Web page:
Jonathan Miller

The Macron Paradox

The French President is unloved but unbeatable

The Macron Paradox
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With just 24 days to go before the first round of French presidential voting, the political landscape has become borderline surreal, a dream state of self-induced hallucinations. The war in Ukraine has utterly overshadowed the vote. Any resemblance to an actual democratic contest might now be regarded as coincidental.

If the current polls are right, Macron will enter the second round with Marine Le Pen in a straight replay of 2017, with the same inevitable result. I have my doubts about these polls. But it might not matter much who faces Macron: unloved yet unbeatable.

Macron isn’t even campaigning. He’s at 30 per cent in polls for the first round, campaigning through a torrential downpour of electoral bribes. That after this binge there will be a bill is unmentioned by the media, which has been feasting on subsidies itself, much of it in the form of government advertising. France Inter, the state broadcaster, is known here as Radio Macron.

As Macron poses as a war leader in his commando sweater like some kind of Parisian Volodymyr Zelensky, the other candidates struggle to make an impression. Marine Le Pen on an optimistic 20 per cent remains a deeply unimpressive figure. Her words are wooden, her program for France inchoate and incoherent, her tack to the centre expedient, yet second only to Macron in the polls.

Zemmour and Pécresse are supposedly neck and neck at around 11 per cent each. The polls would have to be spectacularly wrong for Zemmour to make it, but it’s not inconceivable that they are.

Pécresse, of the Républicains, continues to fail to cut through. Some of my more hallucinated colleagues are even touting socialist Jean-Luc Mélenchon coming up the left lane, uniting the various leftist factions who hate each other and him. This is desperate on a par with prognostications by the same journalists that Anne Hidalgo, mayor of Paris, the pink-green Socialist, was a serious candidate.

Macron has led a European response to Putin’s war in which the Poles, not the French, have emerged with moral leadership. Two of France's largest companies, Total and Danon, continue to do business in Russia. Macron’s German partners want to appease Putin further. No significant French arms have gone to Ukraine because after a decade of fruitless war in Africa, the French army is literally out of ammunition. The armouries are almost empty.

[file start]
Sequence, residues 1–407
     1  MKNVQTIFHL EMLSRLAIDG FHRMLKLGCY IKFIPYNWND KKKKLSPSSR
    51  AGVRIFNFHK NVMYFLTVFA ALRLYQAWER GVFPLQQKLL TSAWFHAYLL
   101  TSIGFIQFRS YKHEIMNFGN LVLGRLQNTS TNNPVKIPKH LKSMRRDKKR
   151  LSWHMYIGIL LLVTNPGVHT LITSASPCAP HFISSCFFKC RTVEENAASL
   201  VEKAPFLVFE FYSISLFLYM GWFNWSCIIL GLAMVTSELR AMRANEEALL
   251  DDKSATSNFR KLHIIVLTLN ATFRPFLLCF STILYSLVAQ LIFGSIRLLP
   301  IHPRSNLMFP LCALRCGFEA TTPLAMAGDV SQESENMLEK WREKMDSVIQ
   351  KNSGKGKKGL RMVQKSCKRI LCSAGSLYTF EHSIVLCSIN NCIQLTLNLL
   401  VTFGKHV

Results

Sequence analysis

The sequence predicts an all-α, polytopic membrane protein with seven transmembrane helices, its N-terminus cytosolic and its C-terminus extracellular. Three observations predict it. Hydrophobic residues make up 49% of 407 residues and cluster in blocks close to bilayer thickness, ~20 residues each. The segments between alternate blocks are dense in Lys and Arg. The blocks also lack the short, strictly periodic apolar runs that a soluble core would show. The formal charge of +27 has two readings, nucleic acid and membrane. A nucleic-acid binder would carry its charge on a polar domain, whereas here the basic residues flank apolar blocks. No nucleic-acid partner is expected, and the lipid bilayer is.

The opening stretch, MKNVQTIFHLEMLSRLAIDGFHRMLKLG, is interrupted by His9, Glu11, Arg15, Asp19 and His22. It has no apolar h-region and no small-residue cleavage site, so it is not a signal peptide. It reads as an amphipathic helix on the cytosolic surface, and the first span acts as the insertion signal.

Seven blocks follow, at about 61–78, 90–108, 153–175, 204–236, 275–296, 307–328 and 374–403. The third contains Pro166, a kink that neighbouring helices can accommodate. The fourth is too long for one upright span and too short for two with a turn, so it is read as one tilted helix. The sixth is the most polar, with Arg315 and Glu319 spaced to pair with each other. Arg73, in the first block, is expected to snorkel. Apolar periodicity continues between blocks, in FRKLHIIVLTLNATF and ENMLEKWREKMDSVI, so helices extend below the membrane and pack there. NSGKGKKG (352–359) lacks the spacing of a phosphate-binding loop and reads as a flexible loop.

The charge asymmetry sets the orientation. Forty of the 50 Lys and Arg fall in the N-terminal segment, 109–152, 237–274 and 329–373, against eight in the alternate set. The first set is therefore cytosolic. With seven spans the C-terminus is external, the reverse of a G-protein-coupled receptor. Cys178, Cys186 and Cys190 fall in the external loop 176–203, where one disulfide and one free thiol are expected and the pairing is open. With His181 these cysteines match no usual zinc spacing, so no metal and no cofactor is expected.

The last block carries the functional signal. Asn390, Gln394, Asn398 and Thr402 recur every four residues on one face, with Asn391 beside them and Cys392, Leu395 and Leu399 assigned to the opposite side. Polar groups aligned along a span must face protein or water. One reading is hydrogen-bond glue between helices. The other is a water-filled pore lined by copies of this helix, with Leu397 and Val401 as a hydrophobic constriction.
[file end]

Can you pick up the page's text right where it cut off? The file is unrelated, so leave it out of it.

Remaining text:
Voting is on 10 April and 24. Macron has sent his prime minister out to bribe voters with their own money. Petrol and diesel is to be subsidised throughout April by 15 cents per litre. Billions more are being promised for manufacturers, farmers and small businesses. He is even promising a degree of autonomy to the disputatious Corsicans as he attempts to nail down votes.

Against this, the fractured opposition is almost helpless, starved of campaigning oxygen, deprived even of the candidate that they are trying to oppose. Macron is now planning to consolidate his power at the forthcoming legislative elections, following which he plans to assemble some kind of presidential majority, probably in alliance with the right – including Édouard Philippe, a former prime minister, and Nicholas Sarkozy, the former president. Macron will let them get on with it while he assumes the role of global statesman. His opponents, he hopes, will be in disarray.

The paradox remains that Macron is disliked or even hated by two-thirds of voters. They remember the endless broken promises, the President’s pique, arrogance and insecurity that have been the hallmarks of the past five years. It’s a struggle to enumerate presidential successes. Even those who will ultimately vote for him will do so holding their noses.